• They both require precomputing various constants for a given modulus \(n\).

  • Their input range is \([0, n^2)\). It is useful for performing a reduction after multiplication, because with \(0 ≤ a, b < n\), we have \(0 ≤ ab < n^2\).

  • Their penultimate range is \([0, 2n)\), with a final fix-up step to reach the output range of \([0, n)\).

  • They perform 2 internal multiplications per reduction.

  • Their reduction phases avoid division or remainder by non-powers-of-2.


  • Montgomery reduction requires numbers to be converted into and out of “Montgomery form” (expensive operations that require a true modulo operation in each direction), whereas Barrett reduction operates on regular numbers directly. This makes Montgomery reduction suitable for modular exponentiation but not for working with various unrelated numbers.

  • Montgomery is based on modular congruences and exact division, whereas Barrett is based on approximating the real reciprocal with bounded precision.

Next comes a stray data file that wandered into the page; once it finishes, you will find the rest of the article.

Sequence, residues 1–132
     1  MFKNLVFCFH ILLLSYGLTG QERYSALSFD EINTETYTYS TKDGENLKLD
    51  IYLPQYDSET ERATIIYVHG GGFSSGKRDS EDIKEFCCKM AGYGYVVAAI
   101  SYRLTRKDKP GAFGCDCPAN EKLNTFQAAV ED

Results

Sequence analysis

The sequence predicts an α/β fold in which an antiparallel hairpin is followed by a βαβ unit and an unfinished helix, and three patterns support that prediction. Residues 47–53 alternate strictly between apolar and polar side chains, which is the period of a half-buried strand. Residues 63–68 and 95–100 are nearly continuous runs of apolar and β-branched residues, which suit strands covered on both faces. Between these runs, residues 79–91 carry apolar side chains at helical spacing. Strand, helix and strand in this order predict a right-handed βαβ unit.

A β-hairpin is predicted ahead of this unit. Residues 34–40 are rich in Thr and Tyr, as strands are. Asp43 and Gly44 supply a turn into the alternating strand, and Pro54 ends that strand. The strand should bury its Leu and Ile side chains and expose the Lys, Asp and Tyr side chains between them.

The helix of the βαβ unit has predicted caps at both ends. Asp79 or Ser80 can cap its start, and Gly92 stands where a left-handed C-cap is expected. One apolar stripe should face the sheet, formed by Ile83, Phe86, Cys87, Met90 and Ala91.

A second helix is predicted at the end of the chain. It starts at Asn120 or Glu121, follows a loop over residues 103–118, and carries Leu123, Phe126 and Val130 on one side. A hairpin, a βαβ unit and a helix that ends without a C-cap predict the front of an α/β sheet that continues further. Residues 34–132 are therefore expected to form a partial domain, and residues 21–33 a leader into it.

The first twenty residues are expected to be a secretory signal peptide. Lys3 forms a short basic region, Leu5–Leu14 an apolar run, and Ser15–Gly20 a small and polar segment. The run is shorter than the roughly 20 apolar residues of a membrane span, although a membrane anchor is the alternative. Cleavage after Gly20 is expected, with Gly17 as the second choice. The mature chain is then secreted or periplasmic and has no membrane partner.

• If the modulus is \(k\) bits long, then Montgomery internally performs two \(k\)-by-\(k\) bit multiplications yielding \(2k\) bits. But Barrett internally performs a \(2k\)-by-\(k\) bit multiplication yielding \(3k\) bits, plus a \(k\)-by-\(k\) bit multiplication yielding \(2k\) bits, so the Barrett algorithm is more expensive. (The bit lengths stated in this paragraph are slightly inexact, to within \(O(1)\).)

Source code

My Java implementation of Barrett reduction for int/long and BigInteger, with self-check and speed benchmark:

On x86 processors it appears that the native int64 modulo is as fast as Barrett reduction. The benchmark in SmallBarrettReducer shows both techniques being about the same speed. But on a CPU without a hardware divider, you might see Barrett reduction be measurably faster. For BigBarrettReducer, no benchmark is provided because the method BigInteger.modulo() is implemented quite fast.

A Python implementation with the full core algorithm but a less elaborate self-check is also available:

A short Mathematica program demonstrates the full computation, but doesn’t implement caching or data structures: